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How to Riff Like Tool’s Adam Jones

One of the most mysterious and interesting guitarists to come out of the post-grunge scene is a master of dynamics, tone, and deceptive rhythms.

Advanced

Intermediate

  • Explore the sound of the Phrygian dominant scale.
  • Learn how to combine odd-meter signatures.
  • Use open strings to create hypnotic, droning riffs.
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Formed in 1990, Tool is still considered to be one of the premier progressive rock bands of the era. While guitarist Adam Jones' playing is firmly rooted in the progressive idiom, he doesn't hesitate to draw on elements of grunge and even stoner rock, and the groove-based style of drummer Danny Carey and rock-solid timing of bassist Justin Chancellor results in heavy hypnotic riffs with constant shifting time signatures and exciting changes in dynamics. In this lesson, we'll touch on some of the topics from previous lessons and dig into exactly how Adam Jones makes somewhat difficult riffs and concepts groove so easily.


In Ex. 1, we take some ideas from our polymeters lesson for a hip single-string riff in dropped-D tuning. Each measure follows a 7-7-2 grouping to give the riff an odd-time feel without actually leaving 4/4. Not too much thought went into the note choices here, but in essence it's using notes from the D Phrygian dominant scale (D–Eb–F#–G–A–Bb–C).

Ex. 1

Ex. 2 uses notes of the D Phrygian mode (D–Eb–F–G–A–Bb–C), mostly against the low open D. To execute this cleanly, use the tip of the fretting-hand first finger to mute the 5th string. This allows you to strum the low three strings and get an aggressive sound. The riff is a repeating idea in 5/4, so spend some time listening and counting along before trying to play the idea. Also, for the sliding power chords at the end, I slide up on the third finger, and down on the first. This feels comfortable, but the jump back to the start of the riff will still be tricky, so heads-up!

Ex. 2

Our next riff (Ex. 3) takes inspiration from one of Tool's most famous jams, and is a fun little idea that alternates between 5/8 and 7/8. Tool are no strangers to multiple time signature changes like this, and there are songs of theirs where I still can't work out what the time signatures change between as they're so frequent and well masked by the groove. This idea could be seen as an eighth-note motif with a 16-note triplet played as an informal turnaround. In the first measure, it's a four-note idea, and in the second this is extended to six notes. This sounds very unexpected the first time you hear it, but after a few plays you'll get in the groove.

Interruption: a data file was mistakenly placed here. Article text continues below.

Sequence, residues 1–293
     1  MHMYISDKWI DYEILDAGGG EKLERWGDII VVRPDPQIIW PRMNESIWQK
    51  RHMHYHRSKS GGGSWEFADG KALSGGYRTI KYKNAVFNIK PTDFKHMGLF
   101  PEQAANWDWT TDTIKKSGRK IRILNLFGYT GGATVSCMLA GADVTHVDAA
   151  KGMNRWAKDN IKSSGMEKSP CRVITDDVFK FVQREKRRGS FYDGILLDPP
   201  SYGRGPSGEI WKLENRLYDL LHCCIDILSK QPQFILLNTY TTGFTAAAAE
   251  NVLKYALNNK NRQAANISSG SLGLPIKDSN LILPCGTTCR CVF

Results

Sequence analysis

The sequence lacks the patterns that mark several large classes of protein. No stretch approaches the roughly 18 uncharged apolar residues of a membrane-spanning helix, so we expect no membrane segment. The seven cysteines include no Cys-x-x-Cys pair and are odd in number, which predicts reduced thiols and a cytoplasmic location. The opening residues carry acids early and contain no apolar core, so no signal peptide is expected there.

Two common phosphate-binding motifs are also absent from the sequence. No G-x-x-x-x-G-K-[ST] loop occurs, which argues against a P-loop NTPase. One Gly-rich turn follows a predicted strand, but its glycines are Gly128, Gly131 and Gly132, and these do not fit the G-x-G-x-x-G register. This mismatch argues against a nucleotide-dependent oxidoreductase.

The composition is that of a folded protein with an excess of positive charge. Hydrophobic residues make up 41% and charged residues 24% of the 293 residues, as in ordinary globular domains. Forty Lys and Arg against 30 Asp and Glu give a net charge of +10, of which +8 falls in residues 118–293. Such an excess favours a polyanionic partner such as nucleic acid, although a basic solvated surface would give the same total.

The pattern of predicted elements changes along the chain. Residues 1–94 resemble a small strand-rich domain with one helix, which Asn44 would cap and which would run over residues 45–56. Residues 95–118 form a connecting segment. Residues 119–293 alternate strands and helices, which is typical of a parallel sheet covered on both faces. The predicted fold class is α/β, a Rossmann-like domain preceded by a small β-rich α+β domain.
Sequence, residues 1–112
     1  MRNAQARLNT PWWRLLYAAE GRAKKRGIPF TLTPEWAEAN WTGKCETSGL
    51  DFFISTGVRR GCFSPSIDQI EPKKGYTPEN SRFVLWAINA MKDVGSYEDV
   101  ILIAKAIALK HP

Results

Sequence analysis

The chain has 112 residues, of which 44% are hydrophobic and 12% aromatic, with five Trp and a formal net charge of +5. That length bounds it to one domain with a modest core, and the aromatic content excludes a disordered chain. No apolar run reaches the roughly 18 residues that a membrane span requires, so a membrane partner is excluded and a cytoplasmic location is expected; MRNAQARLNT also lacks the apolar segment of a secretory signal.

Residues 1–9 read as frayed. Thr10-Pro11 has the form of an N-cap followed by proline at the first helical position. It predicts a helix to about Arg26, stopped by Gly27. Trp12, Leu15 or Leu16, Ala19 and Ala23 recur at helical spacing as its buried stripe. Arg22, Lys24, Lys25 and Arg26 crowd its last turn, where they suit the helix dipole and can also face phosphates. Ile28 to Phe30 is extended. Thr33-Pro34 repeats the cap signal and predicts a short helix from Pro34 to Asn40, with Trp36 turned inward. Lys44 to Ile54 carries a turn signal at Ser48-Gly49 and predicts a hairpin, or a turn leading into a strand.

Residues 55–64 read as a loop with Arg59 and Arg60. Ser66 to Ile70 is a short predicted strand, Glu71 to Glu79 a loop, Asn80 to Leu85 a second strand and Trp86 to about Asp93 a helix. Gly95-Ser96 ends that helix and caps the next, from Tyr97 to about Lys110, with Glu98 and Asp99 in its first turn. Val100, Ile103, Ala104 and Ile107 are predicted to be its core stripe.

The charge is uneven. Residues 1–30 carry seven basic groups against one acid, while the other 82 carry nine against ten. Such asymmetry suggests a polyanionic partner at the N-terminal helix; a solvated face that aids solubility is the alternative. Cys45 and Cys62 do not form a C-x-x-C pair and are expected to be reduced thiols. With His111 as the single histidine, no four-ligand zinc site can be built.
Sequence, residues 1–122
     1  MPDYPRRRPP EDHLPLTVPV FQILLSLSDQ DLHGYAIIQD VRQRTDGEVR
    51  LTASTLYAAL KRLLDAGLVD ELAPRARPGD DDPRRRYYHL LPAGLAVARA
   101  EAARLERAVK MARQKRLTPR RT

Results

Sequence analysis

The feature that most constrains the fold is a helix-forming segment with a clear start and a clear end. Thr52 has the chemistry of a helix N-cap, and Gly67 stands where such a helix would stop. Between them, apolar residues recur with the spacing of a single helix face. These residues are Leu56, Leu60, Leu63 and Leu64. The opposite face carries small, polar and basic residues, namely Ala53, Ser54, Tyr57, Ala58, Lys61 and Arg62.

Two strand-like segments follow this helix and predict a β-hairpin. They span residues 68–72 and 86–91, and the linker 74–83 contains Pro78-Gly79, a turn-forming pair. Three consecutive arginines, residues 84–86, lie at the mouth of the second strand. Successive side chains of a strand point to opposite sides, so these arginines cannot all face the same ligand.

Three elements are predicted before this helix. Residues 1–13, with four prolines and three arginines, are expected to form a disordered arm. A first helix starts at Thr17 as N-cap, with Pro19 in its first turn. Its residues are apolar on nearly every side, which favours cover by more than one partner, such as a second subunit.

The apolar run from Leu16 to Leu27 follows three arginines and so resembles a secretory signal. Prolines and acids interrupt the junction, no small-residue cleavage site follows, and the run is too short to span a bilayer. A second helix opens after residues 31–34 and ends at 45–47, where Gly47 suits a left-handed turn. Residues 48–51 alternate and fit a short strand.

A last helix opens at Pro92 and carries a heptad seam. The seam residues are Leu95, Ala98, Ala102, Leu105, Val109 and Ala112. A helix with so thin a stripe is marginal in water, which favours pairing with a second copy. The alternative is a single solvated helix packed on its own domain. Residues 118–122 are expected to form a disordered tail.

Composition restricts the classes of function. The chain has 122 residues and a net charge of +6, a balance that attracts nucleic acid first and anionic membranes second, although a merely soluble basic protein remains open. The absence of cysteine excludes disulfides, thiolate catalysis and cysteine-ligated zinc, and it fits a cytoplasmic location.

Ex. 3

In the next few examples, we'll explore how Adam layers different rhythmic parts on top of each other. Our first piece is Ex. 4, which also hovers around the D Phrygian dominant scale we touched on earlier. The minor third between Eb and F# gives this scale its distinctive sound. Also, you might have noticed how the open string creates an almost drone-like quality. That's another signature part of Tool's music.

Ex. 4

Now, we create a simple melodic idea to go over what we played in Ex. 4. As you can see in Ex. 5, the Gtr. 2 part is our low-end riff and Gtr. 1 is a rather syncopated riff that combines eighth- and 16th-note patterns. Especially prevalent in Danny Carey's drumming, these complex rhythms are at the core of the band's ethos.

Ex. 5

Ex. 6 uses bigger chord voicings to get a huge sound. In essence, a big D5 chord is played over five strings, and then one note is changed (Bb) on the 3rd string to create a moving inner voice. As in previous examples, the sound has a lot more to do with the driving rhythm than the notes being played.

Ex. 6

Not all the band's riffs are based around thick, saturated distortion. In Ex. 7 we use a clean tone with some effects to create a moody riff in 5/8. You want to let the notes ring out as much as possible, so be careful with your finger placement as the bass notes start moving from D to F, and finally to G. In terms of sonics, I've put different delays on the left and right channel, plus a phaser on one side and a flanger on the other. The concept here is to create a richly textured part that could support a vocalist.

Ex. 7

The final example (Ex. 8) mixes arpeggiated notes with bigger chord stabs for some drama. I made sure everything rang out because this gives the biggest sound and is perfect for a full-band setting. The idea is based around D minor, but the Ab (b5) adds a darker, bluesy sound.

Ex. 8

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I have a love-hate relationship with acoustic guitars. My infatuation with the 6-string really blasted off with the Ventures. That’s the sound I wanted, and the way to get it was powered by electricity. Before I’d even held a guitar, I knew I wanted a Mosrite, which I was sure was made of fiberglass like the surfboards the Beach Boys, Surfaris, and the Challengers rode in their off time. Bristling with space-age switchgear and chrome-plated hardware, those solidbody hotrod guitars were the fighter jets of my musical dreams. I didn’t even know what those old-timey round-hole guitars were called. As the singing cowboys Roy Rogers and Gene Autrey strummed off into the sunset, the pace of technology pushed the look and sound of the electric guitar (and bass) into the limelight and into my heart. Imagine my disappointment when I had to begin my guitar tutelage on a rented Gibson “student” acoustic. At least it sort of looked like the ones the Beatles occasionally played. Even so, I couldn’t wait to trade it in.

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